Thus contemporary theology is stalemated between a longstanding affirmation which does not touch the lives of many, and an appreciation of the needs and aspirations of contemporary experience which has great difficulty in being theological. The outstanding exception to this dilemma is the varied movement known as process theology. In line with Santa Claus theology, it is concerned with the reality of God -- not as a being, however, but as the source of direction” for the whole process of reality, which source in turn is affected by that process, thus aligning with Christmas Spirit theology’s concern to take contemporary experience seriously. Although process thought has been around for some time, it is only now receiving general theological consideration, and while it can hardly be expected to provide a panacea for the perennial problems of delineating the meaning of God, it does offer a way of avoiding the stalemate of Santa Claus and Christmas Spirit theologies.

A Cure for Life’s Ills

If the mushrooming of theologies constitutes a source of bewilderment for the student and teacher of theology, how much more devastating must the situation be for practicing clergy? Not only is the meaning of God in question, but what significance an answer to the question would have is by no means clear. One view suggests that no such answer can be forthcoming, because the question of God is addressed to the individual; therefore, the only authentic answer is an existential one. Another prominent perspective prefers to bypass the question in the interests of seeking to approximate more closely the Kingdom of God in society. Behind these two approaches lie different concepts of salvation and, consequently, different ideas of what ministry should involve. We may identify these approaches as Family Doctor theology and Public Health theology.

Family Doctor theology sees salvation and ministry in terms of the snatching of brands from the fire. The fire is the universal epidemic of sin. Beneath the competitions and confrontations of life there lies the universal egotism of the human creature who would be God. The child’s earliest demands for attention echo the rebellion of Eden: “You shall be as gods.” It has been suggested that the immediate result of the Fall, as portrayed in Genesis 3 -- “And they knew that they were naked” -- should be rendered “And they became self-conscious.” Rather than live as creatures who acknowledge the Creator, humanity has chosen to place the self at the center of life. Thus life is fragmented into a multiplicity of competing selves, alienated from their Creator, from one another, and themselves.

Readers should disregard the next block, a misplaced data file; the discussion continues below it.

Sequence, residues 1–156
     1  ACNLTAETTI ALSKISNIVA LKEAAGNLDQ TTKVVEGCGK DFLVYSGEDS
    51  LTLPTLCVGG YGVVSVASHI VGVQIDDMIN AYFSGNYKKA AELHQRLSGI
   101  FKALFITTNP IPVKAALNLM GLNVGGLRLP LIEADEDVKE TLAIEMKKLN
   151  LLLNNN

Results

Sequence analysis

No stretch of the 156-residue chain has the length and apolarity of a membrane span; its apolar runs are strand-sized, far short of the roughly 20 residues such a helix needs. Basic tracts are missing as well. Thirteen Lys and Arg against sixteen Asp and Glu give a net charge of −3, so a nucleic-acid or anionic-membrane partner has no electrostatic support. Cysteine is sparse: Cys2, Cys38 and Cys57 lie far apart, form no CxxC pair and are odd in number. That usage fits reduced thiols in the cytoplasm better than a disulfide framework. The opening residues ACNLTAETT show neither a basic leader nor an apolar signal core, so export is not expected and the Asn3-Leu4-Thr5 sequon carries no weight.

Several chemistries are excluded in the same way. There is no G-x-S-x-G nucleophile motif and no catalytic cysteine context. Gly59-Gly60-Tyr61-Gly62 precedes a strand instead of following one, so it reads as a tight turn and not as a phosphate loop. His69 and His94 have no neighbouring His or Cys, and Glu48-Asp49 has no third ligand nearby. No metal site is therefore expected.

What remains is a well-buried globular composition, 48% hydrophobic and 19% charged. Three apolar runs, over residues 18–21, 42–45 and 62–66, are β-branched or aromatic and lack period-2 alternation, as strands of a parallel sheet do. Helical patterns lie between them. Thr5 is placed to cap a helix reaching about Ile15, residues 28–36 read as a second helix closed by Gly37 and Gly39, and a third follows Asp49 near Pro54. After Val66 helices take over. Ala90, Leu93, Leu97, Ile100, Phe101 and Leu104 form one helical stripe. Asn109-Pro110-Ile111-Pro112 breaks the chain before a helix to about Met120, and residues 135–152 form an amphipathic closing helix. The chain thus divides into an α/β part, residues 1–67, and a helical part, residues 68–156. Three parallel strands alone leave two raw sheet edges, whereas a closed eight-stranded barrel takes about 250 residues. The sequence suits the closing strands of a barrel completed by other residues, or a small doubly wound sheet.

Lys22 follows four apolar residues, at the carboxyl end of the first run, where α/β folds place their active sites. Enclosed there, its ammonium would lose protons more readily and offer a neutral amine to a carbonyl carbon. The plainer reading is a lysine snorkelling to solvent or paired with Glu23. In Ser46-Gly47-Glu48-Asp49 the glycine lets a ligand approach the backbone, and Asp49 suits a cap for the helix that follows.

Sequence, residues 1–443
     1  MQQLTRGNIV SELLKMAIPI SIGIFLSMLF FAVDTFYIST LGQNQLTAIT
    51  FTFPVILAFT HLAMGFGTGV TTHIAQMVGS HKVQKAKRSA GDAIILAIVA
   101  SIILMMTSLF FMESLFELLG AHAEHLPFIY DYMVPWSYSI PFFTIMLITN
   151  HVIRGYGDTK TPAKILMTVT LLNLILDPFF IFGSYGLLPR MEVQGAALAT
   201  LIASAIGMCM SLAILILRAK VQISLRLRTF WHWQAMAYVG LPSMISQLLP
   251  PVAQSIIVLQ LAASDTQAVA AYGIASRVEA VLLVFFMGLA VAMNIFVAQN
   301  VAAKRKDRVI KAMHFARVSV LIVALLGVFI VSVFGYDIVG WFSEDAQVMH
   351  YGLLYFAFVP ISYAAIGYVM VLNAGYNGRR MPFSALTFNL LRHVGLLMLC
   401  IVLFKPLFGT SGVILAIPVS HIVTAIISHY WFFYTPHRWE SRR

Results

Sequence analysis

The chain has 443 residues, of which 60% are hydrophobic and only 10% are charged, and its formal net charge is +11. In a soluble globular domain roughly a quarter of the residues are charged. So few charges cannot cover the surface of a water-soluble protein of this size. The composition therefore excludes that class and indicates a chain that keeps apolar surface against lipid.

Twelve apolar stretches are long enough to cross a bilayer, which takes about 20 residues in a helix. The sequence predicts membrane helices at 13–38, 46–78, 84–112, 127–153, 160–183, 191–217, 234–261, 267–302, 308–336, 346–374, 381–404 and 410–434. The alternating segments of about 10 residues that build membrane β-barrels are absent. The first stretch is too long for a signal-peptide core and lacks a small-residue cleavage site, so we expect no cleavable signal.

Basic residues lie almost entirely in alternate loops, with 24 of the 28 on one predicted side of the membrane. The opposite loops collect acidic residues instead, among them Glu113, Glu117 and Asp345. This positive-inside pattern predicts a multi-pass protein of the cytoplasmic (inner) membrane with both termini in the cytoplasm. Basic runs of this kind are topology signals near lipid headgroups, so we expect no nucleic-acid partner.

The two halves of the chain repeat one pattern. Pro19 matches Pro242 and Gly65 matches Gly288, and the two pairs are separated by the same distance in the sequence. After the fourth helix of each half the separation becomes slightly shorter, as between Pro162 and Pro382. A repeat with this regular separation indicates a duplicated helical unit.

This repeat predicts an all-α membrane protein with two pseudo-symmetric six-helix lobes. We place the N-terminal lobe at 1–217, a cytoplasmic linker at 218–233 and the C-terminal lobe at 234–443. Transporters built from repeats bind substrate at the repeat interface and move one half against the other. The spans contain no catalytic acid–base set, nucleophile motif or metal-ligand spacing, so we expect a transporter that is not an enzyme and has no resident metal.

According to Family Doctor theology, this is the fundamental condition of life from which humanity must be rescued. But while the condition is universal, the cure is individual. The family doctor does not treat humanity. He or she deals with patients one by one. Disease demands individual treatment of the persons afflicted. Because sin has to do primarily with the individual’s orientation in his or her life stance, it can be dealt with only by challenging the individual in extremely personal terms. Thus whether in the person of the professional evangelist or in the informal witness of the individual Christian, Family Doctor theology prescribes individual conversion as the primary cure for the ills of life. If this aim is achieved, all other things will be added. If the basic orientation of life is corrected, the competitions and confrontations will be transformed in due course. Healthy individuals constitute a healthy society.

Although the apparent dominance of self-interest in contemporary society makes the Family Doctor diagnosis plausible, there is another type of theology which finds the cause of the malady elsewhere. Public Health theology argues that beyond the individual egotism which threatens to reduce humanity to a mass of gladiatorial combatants, there are dynamics in society itself which even the most saintly will not change by their saintliness. An epidemic is not halted merely by treating the individuals affected, but by getting to the source of the disease. Testing of water supplies, isolation of virus strains, and identification of carriers are the types of measures undertaken by public health officials.

Similarly, Public Health theology takes to heart Reinhold Niebuhr’s warning that it takes more than moral man to transform immoral society. Society is more than the sum of the individuals who constitute it. The battle is not against flesh and blood, but against principalities and powers. The most humane individual may participate, whether boldly or unwittingly, in the most inhumane social structures. Thus the liberation theologies -- black, feminist, Third World -- attempt to challenge the social machinery which legitimizes and perpetuates racism, sexism and imperialism. As long as the virus flourishes, society is not safe, no matter flow many individuals have been cured or immunized. What is required, according to Public health theology, is not the individual cure of conversion, but structural change in the political, economic and social systems that provide breeding grounds for the dehumanizing viruses.

Thus contemporary theology is stalemated between Family Doctor theology, with its concern for the eternal destiny of the individual, and Public Health theology, which challenges the institutions and systems that prevent wholeness of life in the present. But here too there is a striking exception. The theology of hope combines concern for the aspirations of the individual with visions of the coming Kingdom which will transform life for all. Again, the point is not that the theology of hope adequately reconciles these disparate tendencies, but rather that it does not succumb to either approach, and offers the most promising prospect for avoiding the stalemate between Family Doctor and Public Health theologies.

Concepts of the Church